Sydney Architecture Images-
Conservatorium of Music Former Government House Stables
|Conservatorium Road. Cnr Bridge and Macquarie Streets|
|Old Colonial Gothick Picturesque|
|Based on mediaeval Thornbury Castle.|
Conservatorium of Music ('the Con') is one of
the world's finest music schools and is set in the Royal Botanic Gardens
near the Opera House.
The Con was reopened in 2001 after extensive modernisation and expansion. Its award-winning new structures blend with the renovated original heritage buildings. The main concert hall holds 600, and the complex has recording studios and performance and practice spaces featuring the very latest in acoustic technology.
Tel: + 61 2 9351 1222
Self-guided Tour of the Sydney Conservatorium of Music
This tour will take you through the public areas of the Con and give you an insight into the building's history, the personalities of some of its directors and a brief description of its main auditoria. The areas where you can visit are shown in black and those not open to the public, except on recital and guided tour days, are shown in blue.
In 1815, Governor Macquarie commissioned Francis Greenway to design a stables and servants' block on this site to serve the then existing Government House on the corner of Bridge and Phillip Streets and its planned successor on its current site. Greenway based his design on two castle in Scotland and the original building was arranged around an open exercise yard for the horses, where now stands the Verbrugghen Hall.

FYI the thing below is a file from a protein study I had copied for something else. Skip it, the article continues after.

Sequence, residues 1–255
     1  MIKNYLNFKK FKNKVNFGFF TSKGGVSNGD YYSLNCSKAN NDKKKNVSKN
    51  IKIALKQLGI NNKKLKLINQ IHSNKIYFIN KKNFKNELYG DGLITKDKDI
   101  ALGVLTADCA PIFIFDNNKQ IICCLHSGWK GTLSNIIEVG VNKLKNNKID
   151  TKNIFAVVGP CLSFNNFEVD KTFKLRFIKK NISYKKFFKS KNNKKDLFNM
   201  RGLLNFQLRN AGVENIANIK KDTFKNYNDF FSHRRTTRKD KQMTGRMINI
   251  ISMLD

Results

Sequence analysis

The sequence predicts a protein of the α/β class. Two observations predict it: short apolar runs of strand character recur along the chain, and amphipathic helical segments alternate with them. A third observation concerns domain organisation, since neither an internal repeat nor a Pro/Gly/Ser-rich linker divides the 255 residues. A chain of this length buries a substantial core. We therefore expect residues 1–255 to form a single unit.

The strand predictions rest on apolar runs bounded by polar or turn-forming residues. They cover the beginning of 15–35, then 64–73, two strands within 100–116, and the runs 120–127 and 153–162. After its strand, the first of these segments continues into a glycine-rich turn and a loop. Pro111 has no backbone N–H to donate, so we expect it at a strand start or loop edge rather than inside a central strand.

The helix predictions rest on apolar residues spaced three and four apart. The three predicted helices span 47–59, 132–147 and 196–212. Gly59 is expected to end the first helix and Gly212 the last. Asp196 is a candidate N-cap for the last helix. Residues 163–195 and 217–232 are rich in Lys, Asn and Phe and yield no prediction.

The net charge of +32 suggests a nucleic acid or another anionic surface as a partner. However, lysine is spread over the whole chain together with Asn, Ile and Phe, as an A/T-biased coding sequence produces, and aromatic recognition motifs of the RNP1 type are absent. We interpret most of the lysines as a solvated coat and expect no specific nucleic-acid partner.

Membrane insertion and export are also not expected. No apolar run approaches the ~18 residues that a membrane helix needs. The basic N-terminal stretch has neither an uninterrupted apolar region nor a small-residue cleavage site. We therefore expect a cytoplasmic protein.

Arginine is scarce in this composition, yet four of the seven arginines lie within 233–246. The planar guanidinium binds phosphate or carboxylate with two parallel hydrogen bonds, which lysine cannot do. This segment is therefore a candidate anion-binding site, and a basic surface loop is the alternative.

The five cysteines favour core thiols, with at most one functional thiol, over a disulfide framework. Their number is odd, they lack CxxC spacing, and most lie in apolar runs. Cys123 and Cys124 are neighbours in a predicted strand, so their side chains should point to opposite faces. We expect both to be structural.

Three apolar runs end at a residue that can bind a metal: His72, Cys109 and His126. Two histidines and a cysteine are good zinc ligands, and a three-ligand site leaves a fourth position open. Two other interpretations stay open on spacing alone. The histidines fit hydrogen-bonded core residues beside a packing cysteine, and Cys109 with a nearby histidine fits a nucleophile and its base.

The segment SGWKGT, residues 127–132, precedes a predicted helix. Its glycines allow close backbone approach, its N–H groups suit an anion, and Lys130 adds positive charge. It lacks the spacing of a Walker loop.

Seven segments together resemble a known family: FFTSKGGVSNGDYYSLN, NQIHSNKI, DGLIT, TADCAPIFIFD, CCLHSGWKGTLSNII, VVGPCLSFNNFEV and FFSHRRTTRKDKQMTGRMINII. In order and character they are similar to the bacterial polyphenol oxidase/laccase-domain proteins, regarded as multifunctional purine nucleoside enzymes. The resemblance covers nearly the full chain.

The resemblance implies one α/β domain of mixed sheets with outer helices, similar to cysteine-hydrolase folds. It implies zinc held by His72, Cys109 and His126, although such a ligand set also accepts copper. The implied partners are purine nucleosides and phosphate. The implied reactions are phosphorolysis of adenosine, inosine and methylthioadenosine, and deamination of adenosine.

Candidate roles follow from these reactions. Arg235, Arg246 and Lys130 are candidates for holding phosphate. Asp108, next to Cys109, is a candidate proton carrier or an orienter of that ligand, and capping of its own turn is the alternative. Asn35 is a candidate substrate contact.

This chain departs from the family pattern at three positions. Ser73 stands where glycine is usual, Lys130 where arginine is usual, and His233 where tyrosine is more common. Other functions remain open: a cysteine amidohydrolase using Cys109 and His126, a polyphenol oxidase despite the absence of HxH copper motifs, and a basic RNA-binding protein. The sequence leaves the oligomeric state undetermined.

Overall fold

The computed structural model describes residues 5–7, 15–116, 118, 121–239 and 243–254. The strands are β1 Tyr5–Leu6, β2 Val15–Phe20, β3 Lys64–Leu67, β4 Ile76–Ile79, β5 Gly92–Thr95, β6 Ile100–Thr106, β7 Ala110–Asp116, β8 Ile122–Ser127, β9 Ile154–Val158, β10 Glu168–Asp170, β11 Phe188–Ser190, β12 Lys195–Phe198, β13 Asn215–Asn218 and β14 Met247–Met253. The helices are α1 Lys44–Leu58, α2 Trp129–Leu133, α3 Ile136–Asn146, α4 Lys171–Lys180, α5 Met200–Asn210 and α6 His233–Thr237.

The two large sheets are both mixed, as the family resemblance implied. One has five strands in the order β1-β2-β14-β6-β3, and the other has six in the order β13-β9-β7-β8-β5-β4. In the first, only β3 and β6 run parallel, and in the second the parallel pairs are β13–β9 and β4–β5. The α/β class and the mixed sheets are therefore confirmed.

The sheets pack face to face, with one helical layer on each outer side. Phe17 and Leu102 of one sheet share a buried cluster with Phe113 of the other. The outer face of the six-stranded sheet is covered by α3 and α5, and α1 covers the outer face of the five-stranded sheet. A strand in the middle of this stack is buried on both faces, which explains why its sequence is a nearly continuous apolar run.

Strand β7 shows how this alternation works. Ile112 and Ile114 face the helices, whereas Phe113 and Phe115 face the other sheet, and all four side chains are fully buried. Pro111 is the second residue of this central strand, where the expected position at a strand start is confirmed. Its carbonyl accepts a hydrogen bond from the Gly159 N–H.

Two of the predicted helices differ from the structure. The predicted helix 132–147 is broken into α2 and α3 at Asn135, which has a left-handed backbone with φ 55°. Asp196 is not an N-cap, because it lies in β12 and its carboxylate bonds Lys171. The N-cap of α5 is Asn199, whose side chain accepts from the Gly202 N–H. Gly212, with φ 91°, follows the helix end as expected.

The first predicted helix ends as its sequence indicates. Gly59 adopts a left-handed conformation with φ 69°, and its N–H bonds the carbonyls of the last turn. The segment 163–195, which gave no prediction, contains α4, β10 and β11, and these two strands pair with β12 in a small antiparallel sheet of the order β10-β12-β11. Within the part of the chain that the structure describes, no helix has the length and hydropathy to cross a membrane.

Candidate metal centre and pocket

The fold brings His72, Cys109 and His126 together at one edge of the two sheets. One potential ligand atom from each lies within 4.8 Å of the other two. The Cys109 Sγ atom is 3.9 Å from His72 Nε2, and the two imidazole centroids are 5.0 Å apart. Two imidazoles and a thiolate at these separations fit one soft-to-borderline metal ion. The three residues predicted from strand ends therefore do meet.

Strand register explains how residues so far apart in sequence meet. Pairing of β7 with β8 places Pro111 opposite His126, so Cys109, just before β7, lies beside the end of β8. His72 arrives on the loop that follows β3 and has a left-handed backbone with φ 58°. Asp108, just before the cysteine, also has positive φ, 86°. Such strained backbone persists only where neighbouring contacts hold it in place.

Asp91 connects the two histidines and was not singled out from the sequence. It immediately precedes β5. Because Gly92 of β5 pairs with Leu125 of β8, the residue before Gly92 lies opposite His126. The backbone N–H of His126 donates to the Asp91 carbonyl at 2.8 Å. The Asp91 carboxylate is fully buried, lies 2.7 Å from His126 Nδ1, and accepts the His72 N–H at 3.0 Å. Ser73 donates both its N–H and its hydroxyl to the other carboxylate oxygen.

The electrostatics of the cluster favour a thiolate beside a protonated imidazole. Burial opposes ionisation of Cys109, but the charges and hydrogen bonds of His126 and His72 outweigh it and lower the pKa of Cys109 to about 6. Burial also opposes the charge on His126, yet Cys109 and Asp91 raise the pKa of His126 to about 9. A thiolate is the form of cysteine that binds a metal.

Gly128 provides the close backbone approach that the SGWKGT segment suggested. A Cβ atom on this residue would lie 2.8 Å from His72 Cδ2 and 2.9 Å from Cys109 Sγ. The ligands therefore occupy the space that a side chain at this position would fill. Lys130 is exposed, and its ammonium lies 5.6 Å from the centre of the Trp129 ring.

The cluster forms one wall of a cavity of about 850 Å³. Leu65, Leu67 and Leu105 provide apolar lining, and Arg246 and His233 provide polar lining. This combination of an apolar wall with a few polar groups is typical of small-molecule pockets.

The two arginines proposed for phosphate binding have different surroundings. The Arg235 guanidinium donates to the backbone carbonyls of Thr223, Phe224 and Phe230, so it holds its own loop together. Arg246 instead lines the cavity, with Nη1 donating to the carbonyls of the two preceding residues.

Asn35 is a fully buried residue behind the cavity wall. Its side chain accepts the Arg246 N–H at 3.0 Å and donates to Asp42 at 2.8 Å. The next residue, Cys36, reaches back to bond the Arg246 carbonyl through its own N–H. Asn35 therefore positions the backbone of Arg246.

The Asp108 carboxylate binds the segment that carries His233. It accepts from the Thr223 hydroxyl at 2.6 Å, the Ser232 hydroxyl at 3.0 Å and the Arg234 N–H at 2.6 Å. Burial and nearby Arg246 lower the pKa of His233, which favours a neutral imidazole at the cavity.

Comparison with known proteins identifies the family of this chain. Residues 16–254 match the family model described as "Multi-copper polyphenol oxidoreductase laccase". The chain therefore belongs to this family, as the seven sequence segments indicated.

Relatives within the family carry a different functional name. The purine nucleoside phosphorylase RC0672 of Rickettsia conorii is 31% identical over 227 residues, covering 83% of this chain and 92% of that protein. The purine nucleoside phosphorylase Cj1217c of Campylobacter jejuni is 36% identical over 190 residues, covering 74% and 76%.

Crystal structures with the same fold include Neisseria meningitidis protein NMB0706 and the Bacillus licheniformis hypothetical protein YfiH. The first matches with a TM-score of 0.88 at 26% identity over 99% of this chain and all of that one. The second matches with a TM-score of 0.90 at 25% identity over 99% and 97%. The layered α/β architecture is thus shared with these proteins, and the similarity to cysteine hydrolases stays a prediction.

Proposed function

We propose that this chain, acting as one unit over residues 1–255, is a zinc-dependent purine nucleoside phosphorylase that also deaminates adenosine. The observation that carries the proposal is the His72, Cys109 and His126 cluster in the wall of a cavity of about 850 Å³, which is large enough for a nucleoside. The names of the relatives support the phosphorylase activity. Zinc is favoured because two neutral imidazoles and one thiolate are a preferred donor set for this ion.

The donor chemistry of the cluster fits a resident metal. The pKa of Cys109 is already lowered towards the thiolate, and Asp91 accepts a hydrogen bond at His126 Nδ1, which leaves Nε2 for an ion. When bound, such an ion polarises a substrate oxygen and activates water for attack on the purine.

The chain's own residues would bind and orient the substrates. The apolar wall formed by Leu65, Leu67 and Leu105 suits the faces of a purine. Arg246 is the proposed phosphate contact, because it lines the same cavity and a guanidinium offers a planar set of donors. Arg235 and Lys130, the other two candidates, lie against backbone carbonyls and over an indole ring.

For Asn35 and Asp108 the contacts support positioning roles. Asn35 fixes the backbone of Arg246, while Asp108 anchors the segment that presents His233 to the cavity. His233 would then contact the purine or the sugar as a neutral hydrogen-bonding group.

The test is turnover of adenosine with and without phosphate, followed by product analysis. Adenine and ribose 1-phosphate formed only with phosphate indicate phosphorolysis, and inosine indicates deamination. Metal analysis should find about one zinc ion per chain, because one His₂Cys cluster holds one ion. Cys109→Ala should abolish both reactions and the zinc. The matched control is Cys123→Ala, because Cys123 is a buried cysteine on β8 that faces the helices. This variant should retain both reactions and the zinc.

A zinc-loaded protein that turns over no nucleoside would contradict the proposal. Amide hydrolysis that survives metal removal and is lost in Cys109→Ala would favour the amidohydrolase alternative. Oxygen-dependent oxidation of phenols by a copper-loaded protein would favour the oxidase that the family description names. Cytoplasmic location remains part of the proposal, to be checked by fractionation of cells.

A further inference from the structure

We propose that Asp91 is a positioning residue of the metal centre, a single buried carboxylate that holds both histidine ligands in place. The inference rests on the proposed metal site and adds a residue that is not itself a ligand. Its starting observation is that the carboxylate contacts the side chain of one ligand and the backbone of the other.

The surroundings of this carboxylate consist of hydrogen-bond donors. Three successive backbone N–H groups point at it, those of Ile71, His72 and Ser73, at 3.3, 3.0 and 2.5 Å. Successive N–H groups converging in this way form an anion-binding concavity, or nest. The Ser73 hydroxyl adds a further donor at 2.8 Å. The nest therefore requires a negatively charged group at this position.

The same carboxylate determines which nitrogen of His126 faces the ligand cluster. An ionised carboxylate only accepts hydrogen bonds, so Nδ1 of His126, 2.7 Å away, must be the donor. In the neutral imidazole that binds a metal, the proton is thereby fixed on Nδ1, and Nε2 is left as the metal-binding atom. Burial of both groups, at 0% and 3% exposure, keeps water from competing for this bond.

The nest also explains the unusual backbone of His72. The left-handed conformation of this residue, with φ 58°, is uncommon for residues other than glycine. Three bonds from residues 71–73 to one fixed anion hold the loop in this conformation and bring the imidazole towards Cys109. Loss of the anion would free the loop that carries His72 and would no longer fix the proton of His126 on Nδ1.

During the nineteenth century there were many internal changes and a rather haphazard approach to maintenance so that, by 1915, it was in a very dilapidated state. The New South Wales government of W A Holman decide that this would be an excellent location for a Conservatorium and spent some 22000 on a main auditorium and converting rooms, although the first Director, Henri Verbrugghen, 1915-1921, had to spend more money as the concert hall was not finished and the initial conversion of some rooms was not suitable for their intended use. A small performance hall and a new wing were added in 1919, at the time of the establishment of the High School.